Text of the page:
Chapter Overview

Nearly all the material in this textbook is applicable to the electronic media, from broadcasting to the internet. Case examples in the libel, privacy, newsgathering, and other chapters involve the electronic media as well as print. But the electronic media are treated specially in the law and thus require a separate chapter to discuss certain aspects of radio, television, cable, satellite, and internet regulation. This is still true in the 21st-century digital age. For example, the political broadcasting rules in Sections 315 and 312(a)(7) of the Communications Act of 1934 apply only to broadcasting and cable television, not to print media. The same is true of children’s programming regulations (although limits on commercial time in and around children’s programming also apply to multichannel video program distributors).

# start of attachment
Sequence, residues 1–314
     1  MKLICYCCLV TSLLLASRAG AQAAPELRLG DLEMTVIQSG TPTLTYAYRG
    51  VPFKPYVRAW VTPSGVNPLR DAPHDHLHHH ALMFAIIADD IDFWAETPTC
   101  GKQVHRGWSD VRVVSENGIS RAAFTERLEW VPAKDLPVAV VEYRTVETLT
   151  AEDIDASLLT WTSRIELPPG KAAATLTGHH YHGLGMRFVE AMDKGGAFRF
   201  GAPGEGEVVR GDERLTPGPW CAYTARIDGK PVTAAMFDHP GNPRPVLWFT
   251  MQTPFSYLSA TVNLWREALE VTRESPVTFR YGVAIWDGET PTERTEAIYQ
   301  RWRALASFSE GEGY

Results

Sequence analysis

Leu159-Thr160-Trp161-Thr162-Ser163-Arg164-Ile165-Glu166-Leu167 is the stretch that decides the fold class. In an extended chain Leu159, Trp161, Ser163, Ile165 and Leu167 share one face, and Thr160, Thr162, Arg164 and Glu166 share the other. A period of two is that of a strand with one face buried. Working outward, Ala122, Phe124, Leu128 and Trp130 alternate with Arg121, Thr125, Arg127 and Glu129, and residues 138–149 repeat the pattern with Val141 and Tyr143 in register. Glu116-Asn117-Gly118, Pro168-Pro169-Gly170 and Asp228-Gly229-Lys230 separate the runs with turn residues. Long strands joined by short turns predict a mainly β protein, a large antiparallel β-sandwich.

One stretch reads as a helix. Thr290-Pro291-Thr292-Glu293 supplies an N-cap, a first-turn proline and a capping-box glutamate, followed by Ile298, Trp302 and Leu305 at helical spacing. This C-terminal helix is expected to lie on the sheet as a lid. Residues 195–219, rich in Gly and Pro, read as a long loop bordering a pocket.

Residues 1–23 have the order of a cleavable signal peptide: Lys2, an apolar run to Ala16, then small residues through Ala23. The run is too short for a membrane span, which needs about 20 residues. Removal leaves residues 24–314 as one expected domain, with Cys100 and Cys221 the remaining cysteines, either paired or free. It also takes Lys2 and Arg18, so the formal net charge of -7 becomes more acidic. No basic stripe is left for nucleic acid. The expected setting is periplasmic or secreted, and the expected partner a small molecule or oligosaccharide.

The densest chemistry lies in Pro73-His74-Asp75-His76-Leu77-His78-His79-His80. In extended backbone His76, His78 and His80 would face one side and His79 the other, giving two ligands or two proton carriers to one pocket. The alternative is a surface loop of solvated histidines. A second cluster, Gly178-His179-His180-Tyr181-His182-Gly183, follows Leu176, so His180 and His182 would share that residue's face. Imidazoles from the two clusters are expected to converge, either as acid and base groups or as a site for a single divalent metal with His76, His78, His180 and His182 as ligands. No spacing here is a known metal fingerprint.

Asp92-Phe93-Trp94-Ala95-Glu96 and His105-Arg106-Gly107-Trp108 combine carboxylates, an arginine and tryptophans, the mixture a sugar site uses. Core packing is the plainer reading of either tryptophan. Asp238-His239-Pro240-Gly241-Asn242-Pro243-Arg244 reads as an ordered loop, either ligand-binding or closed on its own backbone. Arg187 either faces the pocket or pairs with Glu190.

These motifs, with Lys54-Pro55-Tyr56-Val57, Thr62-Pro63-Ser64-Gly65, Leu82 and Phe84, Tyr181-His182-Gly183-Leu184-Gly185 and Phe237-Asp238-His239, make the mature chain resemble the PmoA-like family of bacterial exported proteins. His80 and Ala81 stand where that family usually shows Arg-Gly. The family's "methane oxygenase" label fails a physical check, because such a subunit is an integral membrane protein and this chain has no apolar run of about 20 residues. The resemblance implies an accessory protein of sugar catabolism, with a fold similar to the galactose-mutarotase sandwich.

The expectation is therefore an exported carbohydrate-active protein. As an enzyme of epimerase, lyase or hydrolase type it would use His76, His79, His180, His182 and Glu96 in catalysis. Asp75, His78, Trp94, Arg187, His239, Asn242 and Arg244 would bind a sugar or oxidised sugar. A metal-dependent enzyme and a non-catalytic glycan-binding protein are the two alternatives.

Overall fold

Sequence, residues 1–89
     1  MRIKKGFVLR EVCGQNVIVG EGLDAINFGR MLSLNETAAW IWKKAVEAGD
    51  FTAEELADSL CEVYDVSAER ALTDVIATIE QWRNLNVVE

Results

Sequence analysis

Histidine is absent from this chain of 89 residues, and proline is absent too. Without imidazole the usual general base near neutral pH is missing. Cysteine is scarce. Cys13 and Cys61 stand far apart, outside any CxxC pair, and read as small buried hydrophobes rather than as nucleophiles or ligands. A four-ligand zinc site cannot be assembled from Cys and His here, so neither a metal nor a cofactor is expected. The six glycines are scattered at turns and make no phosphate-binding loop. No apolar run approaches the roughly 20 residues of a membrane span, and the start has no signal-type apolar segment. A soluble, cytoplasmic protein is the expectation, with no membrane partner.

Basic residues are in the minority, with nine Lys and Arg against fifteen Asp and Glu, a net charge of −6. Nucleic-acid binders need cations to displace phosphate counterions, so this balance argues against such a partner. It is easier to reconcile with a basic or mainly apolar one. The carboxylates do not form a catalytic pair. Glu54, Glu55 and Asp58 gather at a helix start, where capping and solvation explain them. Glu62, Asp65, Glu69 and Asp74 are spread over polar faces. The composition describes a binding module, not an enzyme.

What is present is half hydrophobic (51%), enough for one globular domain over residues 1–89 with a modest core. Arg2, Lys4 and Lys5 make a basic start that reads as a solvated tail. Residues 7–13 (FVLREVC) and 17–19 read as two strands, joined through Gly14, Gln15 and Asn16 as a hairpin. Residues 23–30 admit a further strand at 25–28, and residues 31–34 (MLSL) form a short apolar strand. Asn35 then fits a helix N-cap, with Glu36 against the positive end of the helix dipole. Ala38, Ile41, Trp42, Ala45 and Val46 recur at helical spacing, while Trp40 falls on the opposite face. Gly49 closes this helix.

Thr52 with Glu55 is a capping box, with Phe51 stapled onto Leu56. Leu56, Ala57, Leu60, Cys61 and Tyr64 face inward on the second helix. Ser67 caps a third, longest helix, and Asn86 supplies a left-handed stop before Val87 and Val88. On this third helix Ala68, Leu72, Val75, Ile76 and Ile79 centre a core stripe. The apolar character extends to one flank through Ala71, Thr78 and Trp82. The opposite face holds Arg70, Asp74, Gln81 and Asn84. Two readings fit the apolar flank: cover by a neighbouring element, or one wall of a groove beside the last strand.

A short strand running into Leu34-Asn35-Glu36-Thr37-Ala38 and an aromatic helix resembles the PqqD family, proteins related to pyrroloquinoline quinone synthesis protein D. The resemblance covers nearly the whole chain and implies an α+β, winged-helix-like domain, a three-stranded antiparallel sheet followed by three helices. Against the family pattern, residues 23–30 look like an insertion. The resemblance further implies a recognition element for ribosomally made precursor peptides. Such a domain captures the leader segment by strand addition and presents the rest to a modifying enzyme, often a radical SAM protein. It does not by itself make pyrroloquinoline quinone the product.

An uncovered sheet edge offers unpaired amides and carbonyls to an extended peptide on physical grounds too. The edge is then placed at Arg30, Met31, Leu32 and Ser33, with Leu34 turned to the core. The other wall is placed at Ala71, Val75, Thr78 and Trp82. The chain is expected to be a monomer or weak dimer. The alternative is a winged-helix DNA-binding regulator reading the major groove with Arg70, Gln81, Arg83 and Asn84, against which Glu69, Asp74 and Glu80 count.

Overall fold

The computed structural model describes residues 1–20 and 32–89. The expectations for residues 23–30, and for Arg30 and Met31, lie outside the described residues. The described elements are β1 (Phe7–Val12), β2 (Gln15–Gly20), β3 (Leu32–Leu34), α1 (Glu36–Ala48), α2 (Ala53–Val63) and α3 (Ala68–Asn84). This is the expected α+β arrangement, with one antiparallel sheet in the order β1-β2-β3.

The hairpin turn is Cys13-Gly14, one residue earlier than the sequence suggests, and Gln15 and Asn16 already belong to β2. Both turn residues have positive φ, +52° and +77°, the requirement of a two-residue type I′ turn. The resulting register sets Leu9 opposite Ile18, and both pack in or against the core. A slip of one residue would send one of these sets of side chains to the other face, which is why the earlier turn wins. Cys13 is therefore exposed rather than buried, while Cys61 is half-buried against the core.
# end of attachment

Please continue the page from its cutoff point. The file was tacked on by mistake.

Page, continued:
For the sixth edition, this chapter was substantially reorganized and updated to reflect the current definitions adopted by the FCC for various forms of video program distribution. In addition to tracing the history of broadcast radio and television and explaining how cable and satellite regulation differs, this chapter also discusses the FCC’s approach to regulating multichannel video program distributors and online video distributors (OVDs). Today, the FCC defines both cable and direct broadcast satellite (DBS) services as multichannel video programming distributors (MVPDs). An MVPD is an entity that makes available for purchase multiple channels of video programming. In its most recent annual assessment to Congress, the FCC noted that its data show that cable accounts for 52.8 percent, DBS accounts for 33.8 percent, and telephone accounts for 13 percent of all MVPD subscribers. Cable subscribers are declining, while DBS subscribers are holding steady and phone MVPD subscribers are increasing, with AT&T and Verizon emerging as the largest players.